The other important factors is the holding and storage of fish. Some are different then others with assorted shelf lives.
EXAMPLE Fatty saltwater fish like salmon ,herring, mackerel, sardines will hold about a week.. Lean cold water species like cod, sole, tuna, trout roughly 2 weeks, lean warm water varieties like snapper, catfish, carp ,tilapia , and mullet about 3 weeks.
All of the above are based on time of catch..
The most important thing is correct refrigeration. Most things we consume a 38 to 40 degree refrigerator is adequate, not so fish. It must be on ice, and not ice cubes or large slabs of ice, but crushed ice or slurry ice. Fish last two times longer in a 32' slurry then in a 40-45' fridge. It should also be run under fresh cold water and let dry then wrapped . The reasoning behind the water is the additional handling by so many from the source only makes it more prone to bacteria buildup on the outer exposed sections. This combined with proper airtight if possible wrapping ,and chilling slows the enzymes and bacteria down that attacks the fish.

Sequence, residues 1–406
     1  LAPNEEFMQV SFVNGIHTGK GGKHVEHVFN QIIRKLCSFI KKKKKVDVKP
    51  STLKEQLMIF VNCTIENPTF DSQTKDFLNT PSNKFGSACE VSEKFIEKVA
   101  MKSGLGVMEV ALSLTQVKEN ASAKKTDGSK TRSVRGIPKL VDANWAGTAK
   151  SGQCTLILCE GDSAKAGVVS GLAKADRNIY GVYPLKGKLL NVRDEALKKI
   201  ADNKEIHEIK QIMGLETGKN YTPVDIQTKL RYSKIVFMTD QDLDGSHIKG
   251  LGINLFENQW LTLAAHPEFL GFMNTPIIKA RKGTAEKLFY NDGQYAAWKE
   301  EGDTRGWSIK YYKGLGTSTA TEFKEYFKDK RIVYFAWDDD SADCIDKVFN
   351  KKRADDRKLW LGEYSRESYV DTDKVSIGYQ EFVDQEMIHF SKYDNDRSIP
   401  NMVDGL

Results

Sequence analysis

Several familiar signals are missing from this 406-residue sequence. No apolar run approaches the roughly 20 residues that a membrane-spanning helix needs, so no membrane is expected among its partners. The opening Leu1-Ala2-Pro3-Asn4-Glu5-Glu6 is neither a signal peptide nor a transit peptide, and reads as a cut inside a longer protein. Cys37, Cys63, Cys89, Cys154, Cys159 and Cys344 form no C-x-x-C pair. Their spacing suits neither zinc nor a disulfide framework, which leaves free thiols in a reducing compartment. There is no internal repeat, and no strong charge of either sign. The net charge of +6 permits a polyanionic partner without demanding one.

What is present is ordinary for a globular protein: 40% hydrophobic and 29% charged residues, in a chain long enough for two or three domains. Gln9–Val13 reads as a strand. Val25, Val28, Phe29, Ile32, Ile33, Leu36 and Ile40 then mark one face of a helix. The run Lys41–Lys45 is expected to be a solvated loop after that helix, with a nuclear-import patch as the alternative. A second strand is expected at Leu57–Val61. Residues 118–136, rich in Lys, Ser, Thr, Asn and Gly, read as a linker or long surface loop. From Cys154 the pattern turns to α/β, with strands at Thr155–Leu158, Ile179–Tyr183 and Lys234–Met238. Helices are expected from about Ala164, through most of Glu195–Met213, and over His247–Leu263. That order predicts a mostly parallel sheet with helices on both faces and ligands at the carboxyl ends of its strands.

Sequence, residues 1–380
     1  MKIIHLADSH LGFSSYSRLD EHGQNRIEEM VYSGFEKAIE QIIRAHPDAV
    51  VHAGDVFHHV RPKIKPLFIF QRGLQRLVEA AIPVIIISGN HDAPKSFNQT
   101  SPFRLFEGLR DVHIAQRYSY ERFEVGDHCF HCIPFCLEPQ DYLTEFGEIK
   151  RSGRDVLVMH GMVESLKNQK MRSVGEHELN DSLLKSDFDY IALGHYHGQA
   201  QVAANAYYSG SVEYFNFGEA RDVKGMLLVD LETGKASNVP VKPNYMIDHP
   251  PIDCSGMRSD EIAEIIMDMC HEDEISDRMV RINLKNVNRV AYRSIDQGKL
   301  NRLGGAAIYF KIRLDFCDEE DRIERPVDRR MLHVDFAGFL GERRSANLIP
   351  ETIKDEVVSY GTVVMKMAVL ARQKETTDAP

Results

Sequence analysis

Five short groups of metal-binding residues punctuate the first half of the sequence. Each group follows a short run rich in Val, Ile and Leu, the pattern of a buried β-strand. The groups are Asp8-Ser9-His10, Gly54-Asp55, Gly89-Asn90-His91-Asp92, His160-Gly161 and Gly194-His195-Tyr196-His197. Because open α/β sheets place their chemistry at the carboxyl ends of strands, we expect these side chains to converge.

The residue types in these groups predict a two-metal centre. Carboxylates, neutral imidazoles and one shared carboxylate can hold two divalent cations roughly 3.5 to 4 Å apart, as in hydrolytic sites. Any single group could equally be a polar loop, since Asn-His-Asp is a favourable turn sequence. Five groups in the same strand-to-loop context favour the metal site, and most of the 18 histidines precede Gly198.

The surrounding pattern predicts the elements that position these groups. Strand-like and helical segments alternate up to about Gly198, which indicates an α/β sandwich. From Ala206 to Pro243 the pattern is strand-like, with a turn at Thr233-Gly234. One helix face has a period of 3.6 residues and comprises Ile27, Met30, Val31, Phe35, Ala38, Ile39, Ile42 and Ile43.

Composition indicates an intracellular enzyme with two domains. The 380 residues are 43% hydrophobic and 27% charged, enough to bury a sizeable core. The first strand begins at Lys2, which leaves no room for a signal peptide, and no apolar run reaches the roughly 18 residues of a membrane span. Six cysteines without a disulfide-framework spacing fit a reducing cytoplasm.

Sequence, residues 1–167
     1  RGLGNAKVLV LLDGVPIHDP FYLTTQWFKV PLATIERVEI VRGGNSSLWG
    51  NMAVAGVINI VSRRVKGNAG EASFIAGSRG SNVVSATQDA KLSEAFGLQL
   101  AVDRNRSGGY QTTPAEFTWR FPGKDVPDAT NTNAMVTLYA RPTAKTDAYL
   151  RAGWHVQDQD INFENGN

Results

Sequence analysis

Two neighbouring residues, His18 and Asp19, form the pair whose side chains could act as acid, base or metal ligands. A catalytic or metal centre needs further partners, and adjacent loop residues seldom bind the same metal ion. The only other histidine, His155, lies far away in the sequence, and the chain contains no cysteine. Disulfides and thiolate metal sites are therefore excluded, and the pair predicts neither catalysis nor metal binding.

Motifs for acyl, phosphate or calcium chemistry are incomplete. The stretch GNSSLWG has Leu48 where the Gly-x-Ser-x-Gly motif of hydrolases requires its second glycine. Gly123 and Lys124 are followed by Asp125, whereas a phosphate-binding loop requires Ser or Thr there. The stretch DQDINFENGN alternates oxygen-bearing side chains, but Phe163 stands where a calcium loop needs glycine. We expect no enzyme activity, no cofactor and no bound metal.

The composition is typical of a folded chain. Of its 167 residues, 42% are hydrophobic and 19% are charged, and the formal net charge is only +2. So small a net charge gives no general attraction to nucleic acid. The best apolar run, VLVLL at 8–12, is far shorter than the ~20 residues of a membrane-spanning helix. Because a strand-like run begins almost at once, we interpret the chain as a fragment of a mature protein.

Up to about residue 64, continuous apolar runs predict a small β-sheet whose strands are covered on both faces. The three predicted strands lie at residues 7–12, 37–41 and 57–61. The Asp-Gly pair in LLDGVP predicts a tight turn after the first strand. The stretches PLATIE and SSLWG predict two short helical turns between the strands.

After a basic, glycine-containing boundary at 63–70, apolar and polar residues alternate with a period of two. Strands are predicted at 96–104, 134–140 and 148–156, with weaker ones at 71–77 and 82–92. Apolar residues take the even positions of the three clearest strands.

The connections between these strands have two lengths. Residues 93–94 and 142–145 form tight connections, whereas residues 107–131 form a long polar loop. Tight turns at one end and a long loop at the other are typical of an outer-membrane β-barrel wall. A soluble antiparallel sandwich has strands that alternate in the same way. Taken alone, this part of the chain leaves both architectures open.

Notice I say airtight, as this stops the fish from getting immersed or touched by water from ice melting. which leeches flavor from the fish. Beware shellfish, do not buy it already thawed as you do not know how long it has been thawed. If any odor at all, do not use. If cooked it will emit an ammonia scent throw away and wash everything that it has come in contact with. In a hypo-chloride 5ppm solution minimum.